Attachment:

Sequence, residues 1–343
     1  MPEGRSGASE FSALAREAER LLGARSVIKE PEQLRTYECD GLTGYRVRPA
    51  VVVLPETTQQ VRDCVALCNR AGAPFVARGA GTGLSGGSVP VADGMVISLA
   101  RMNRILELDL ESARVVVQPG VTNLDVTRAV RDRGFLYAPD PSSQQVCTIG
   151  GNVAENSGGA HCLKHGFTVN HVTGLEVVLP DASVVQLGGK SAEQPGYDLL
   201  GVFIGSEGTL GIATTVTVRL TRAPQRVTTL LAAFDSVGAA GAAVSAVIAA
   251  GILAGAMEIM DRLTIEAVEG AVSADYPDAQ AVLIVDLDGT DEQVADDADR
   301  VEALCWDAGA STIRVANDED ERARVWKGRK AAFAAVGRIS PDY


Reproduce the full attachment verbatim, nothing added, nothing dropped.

Sequence, residues 1–343
     1  MPEGRSGASE FSALAREAER LLGARSVIKE PEQLRTYECD GLTGYRVRPA
    51  VVVLPETTQQ VRDCVALCNR AGAPFVARGA GTGLSGGSVP VADGMVISLA
   101  RMNRILELDL ESARVVVQPG VTNLDVTRAV RDRGFLYAPD PSSQQVCTIG
   151  GNVAENSGGA HCLKHGFTVN HVTGLEVVLP DASVVQLGGK SAEQPGYDLL
   201  GVFIGSEGTL GIATTVTVRL TRAPQRVTTL LAAFDSVGAA GAAVSAVIAA
   251  GILAGAMEIM DRLTIEAVEG AVSADYPDAQ AVLIVDLDGT DEQVADDADR
   301  VEALCWDAGA STIRVANDED ERARVWKGRK AAFAAVGRIS PDY